When Gandalf gets imprisoned in Saruman's tower, Orthanc, a Butterfly/Moth comes to visit him and appears to tell him that something is about to happen. In this case a Giant Eagle comes and saves him. Is there an explanation to this? Does Gandalf give the moth a message to send to the Eagles? Can anyone elaborate on this?
The moth just exists in the movies, but a possible source in the books is in Gandalf's parting words to Radagast, as relayed by him at The Council of Elrond:
We shall need your help, and the help of all things that will give it. Send out messages to all the beasts and birds that are your friends. Tell them to bring news of anything that bears on this matter to Saruman and Gandalf. Let messages be sent to Orthanc.
The moth could therefore be one of "the beasts and birds that are your friends" (although the movie omits the Radagast scene).
Of course in the books the Great Eagle comes directly to Orthanc and there is no indication that he was summoned or conjured from a moth in any way:
So it was that when summer waned, there came a night of moon, and Gwaihir the Windlord, swiftest of the Great Eagles, came unlooked-for to Orthanc; and he found me standing on the pinnacle.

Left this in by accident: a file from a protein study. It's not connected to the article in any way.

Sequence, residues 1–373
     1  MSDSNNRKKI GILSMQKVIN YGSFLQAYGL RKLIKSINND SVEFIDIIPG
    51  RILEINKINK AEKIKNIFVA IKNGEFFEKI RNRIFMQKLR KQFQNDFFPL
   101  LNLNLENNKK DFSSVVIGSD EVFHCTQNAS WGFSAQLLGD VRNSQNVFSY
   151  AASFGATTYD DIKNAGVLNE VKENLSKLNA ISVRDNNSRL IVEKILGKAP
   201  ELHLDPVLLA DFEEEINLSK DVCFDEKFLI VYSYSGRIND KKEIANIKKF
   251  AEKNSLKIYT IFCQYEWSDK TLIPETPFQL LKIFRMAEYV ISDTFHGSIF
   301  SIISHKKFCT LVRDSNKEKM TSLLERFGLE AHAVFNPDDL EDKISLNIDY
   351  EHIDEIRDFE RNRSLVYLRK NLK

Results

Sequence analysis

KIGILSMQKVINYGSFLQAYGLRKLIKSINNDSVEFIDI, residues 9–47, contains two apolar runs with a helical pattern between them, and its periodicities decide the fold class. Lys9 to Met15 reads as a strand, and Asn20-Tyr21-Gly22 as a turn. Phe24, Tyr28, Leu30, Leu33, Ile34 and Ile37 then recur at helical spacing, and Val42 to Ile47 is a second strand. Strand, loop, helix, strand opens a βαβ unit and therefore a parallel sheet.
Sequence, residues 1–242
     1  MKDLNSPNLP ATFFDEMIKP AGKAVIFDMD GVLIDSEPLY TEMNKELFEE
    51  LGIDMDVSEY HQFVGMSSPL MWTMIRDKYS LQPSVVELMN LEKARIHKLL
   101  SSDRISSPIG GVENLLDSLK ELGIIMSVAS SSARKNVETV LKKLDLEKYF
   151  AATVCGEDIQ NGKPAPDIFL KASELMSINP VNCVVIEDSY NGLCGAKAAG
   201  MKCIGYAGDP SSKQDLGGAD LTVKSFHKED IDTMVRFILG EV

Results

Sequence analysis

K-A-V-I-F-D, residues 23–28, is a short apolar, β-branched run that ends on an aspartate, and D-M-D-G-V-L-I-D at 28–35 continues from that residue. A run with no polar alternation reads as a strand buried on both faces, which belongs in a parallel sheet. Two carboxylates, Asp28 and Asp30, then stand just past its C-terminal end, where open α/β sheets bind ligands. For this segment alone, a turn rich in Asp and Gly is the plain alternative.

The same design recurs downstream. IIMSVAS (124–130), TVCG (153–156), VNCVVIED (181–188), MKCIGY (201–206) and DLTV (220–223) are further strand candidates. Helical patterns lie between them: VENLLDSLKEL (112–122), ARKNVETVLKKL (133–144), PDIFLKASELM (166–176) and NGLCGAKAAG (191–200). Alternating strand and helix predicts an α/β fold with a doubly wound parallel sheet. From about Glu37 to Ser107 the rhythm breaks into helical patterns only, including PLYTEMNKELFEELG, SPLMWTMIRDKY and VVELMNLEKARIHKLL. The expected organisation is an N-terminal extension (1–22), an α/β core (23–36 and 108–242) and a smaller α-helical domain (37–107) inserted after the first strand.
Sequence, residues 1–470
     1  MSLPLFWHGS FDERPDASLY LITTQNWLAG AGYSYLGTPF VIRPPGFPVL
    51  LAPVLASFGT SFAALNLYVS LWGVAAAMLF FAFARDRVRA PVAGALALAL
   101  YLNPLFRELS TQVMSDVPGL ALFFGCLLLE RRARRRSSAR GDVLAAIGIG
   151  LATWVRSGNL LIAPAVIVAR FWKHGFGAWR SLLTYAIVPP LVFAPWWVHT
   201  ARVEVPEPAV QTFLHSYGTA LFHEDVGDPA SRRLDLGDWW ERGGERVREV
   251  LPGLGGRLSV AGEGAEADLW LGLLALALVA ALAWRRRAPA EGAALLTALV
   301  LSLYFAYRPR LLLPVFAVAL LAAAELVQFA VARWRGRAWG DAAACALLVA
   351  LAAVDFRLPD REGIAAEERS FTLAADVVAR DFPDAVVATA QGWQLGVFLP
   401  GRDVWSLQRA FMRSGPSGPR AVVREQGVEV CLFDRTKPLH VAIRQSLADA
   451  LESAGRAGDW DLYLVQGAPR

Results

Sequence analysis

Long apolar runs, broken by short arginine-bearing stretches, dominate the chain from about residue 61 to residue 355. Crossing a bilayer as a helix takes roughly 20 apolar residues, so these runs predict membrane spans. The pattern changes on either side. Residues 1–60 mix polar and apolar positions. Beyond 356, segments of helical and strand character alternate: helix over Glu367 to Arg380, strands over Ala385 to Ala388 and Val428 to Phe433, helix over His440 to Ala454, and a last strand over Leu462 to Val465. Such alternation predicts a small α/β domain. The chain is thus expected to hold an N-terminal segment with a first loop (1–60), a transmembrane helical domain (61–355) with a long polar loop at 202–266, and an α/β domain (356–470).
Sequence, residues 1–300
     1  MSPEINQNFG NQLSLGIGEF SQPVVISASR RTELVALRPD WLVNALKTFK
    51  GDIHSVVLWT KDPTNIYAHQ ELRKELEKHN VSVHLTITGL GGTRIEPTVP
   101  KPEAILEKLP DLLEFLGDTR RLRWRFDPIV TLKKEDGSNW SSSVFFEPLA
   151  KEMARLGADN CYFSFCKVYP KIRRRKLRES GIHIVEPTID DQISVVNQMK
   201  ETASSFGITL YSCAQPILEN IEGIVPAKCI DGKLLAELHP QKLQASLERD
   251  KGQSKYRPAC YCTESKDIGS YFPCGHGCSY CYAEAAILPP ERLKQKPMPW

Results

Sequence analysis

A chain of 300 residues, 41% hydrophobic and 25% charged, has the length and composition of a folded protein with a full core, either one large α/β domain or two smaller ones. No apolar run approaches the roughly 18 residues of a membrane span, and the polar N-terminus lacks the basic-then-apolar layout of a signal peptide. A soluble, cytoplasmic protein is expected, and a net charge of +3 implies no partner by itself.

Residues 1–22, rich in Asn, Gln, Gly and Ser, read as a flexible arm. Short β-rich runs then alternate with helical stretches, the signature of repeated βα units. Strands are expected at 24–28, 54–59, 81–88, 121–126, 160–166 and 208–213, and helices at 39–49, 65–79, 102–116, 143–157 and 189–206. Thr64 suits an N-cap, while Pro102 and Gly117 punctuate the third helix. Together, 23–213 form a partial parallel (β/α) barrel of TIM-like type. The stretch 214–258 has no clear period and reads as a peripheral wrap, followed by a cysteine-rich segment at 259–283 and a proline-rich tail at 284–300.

The moth also appears in the movies during the "Black Gate Opens" scene, where again it presages the Eagles, and likewise in the first Hobbit movie (we can expect the same in the third).
Beyond that there is no indication of what, if any, significance it has other than just being a movie conceit.
In the movie, the moth is just a moth who happened to pass by, and Gandalf deftly captures it (he must have trained with that guy). Then Gandalf "talks" to the moth and releases it. Apparently, Gandalf is a master hypnotist and convinces the moth to transmit a message to the eagles. He does the same again in the Hobbit movie. In the books there is no moth; it is a movie-only element.
You have to admire the moth, though:
- By itself and before meeting Gandalf, it was already flying up to the top of Orthanc, not a small feat for a moth.
- The moth then moves swiftly and finds Gwaihir (so either Gwaihir has a well-known address, or the moth has a very good radar).
- The moth can somehow talk to Gwaihir and deliver a message. Not only the moth can talk a language that Gwaihir understands, but it also is loud enough to grab Gwaihir's attention.
- The moth comes back to Gandalf and succeeds at reaching him right before Gwaihir shows up. This implies that the moth actually flies faster than "the swiftest of the Great Eagles".
The Great Eagles are the servants of Manwë
Gandalf is a member of the Isarti - along with Saruman and Radagast - sent by the Valar to aid the inhabitants of Middle Earth against Sauron.
In both appearances of the moth in the Peter Jackson movies, it appears to Gandalf just before before the eagles appear. My interpretation is that the moth is a messenger to Gandalf from Manwë sent to inform him of the imminent arrival of the eagles.
The the novel, Gandalf also receives the direct aid of the Valar when he dies after defeating the Balrog. His spirit is 'sent back for a while', presumably to Valinor, before he is resurrected as Gandalf the White.